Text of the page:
For all those scraping by, living paycheck to paycheck, it's understandable that you can't hand out fat checks to every honorable charity around. But everyone has something they're talented at — football, gardening, offering legal advice, making people laugh. Embrace that skill and pay it forward by donating time and services. For most of the following nonprofits — and these are just a select few of the many opportunities — you can volunteer as much time as you have. The most important thing is to reach out to a place first. There are no longer any excuses.
Public health/legal services
People in the health and legal fields may be more pressed for time than money, but there still are ways for them to offer their services to those in need. The Union Gospel Mission offers a clinic for dental, vision, medical, veterinary and legal aid assistance at its Spokane and/or Coeur d'Alene locations.
Spokane dentist Dr. Stephen Mills has been volunteering with UGM for 15 years, averaging about one day per month. He says he was drawn to UGM because of the people and the respect for the program.
"These people come in, they remind me how broken I am, too," Mills says. "I have respect for them pulling themselves up, wanting to turn their lives around, and I can help with that."
As Mills points out, the dentistry services and all of the others offer a real chance for people to find stability and jobs. To sign up with one of these UGM programs, call 535-8510.
House of Charity, under the Catholic Charities Spokane umbrella, has offered a volunteer community clinic based at Sacred Heart Medical Center since 1976. Physicians and nurses can offer services any time the clinic is open, and there's also a new women's clinic. You don't have to work at Sacred Heart to participate, but registration goes through the hospital. Go to catholiccharitiesspokane.org/house-of-charity for more details.
It's not actually about the sport. It's that a kid is trying, using skills on the field or court, learning how to exist with others. At the Boys & Girls Club (bgcspokanecounty.org), volunteer coaches have the opportunity to pass along their love of a sport.
"I'm always looking for people who have knowledge of the sport, so they can pass that on," says Kyle Davidson, team sports director at the Northtown branch of the Boys & Girls Club. "Someone the kids can look up to as a mentor."
Normally that means a parent of one of the players, or a family friend, but Davidson encourages current or former athletes to come out and coach the elementary school-aged kids as well. Options are flag football in the fall, volleyball and basketball in the winter and soccer in the spring. All are co-ed but volleyball, which is all girls. Potential coaches will go through an application process and orientation.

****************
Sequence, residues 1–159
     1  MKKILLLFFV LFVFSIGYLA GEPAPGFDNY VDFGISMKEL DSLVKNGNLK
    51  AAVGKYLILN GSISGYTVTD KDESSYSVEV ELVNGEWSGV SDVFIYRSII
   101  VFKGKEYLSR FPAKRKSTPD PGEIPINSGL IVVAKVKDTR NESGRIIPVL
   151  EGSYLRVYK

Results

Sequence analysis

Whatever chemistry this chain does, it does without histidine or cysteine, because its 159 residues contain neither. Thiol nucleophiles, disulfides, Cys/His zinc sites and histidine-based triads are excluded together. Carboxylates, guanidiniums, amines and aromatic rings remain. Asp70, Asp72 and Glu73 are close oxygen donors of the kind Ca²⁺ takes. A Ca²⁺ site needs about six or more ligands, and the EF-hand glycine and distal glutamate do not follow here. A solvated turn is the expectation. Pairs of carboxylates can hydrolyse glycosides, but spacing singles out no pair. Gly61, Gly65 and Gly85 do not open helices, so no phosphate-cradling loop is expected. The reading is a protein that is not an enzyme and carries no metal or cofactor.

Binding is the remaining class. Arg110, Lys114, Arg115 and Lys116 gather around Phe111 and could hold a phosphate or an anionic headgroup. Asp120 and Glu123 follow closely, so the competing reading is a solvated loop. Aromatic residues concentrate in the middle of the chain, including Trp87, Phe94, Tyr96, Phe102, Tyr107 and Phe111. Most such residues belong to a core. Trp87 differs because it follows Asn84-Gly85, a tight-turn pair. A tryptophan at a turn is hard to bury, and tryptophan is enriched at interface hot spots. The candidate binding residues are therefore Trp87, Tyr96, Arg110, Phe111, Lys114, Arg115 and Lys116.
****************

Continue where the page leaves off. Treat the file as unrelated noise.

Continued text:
There's nothing wrong with collecting payment from students to teach a musical instrument; musicians need to eat, too. At the YMCA (North and Central locations; ymcaspokane.org), piano, guitar and voice teachers are paid, but those who have a different talent — drums, viola, banjo — can teach on a volunteer basis.
"I'd love to see us have a drum circle group of some kind," says Spencer Koonz, teen program director at the North Spokane YMCA.
Other opportunities for volunteers include the program's open mic night; Koonz says help is needed setting up the PA system and coordinating each event. Also, next year's BOBfest (Teen Battle of the Bands) needs volunteers for its teen and adult planning board. For anyone interested, the first meeting is Tuesday, Sept. 9, at the downtown Y. You don't need to be a Y member to participate.
INK Art Space is another local charity offering artistic services to kids, setting up afterschool programs and summer arts and writing workshops at its downtown location. Go to inkspokane.org/volunteer to offer your artistic skills to the nonprofit.
She's always happy when they want to make cinnamon rolls. Pies, too. At the Ronald McDonald House Charities of Spokane, next to the Shriners Hospital for Children, Volunteer Coordinator Debbie Fucile is always looking for folks who want to come to the house kitchen and whip up a meal. Better yet, bake. You don't have to have a culinary arts degree, just an ability to cook something delicious and nutritious for a group of 25 to 30 people.
"Our families take off out of here in the morning to go to the hospital, and when they come back, it's a little piece of heaven when there's a hot meal on the table for them," Fucile says.
All meals must be cooked at the house, and volunteer cooks must provide all ingredients (except for staples like flour and spices) for the dishes. Fucile says this is a perfect opportunity for a small church group, or group of friends, to donate their cooking expertise. Call 624-0500 for more information. ♦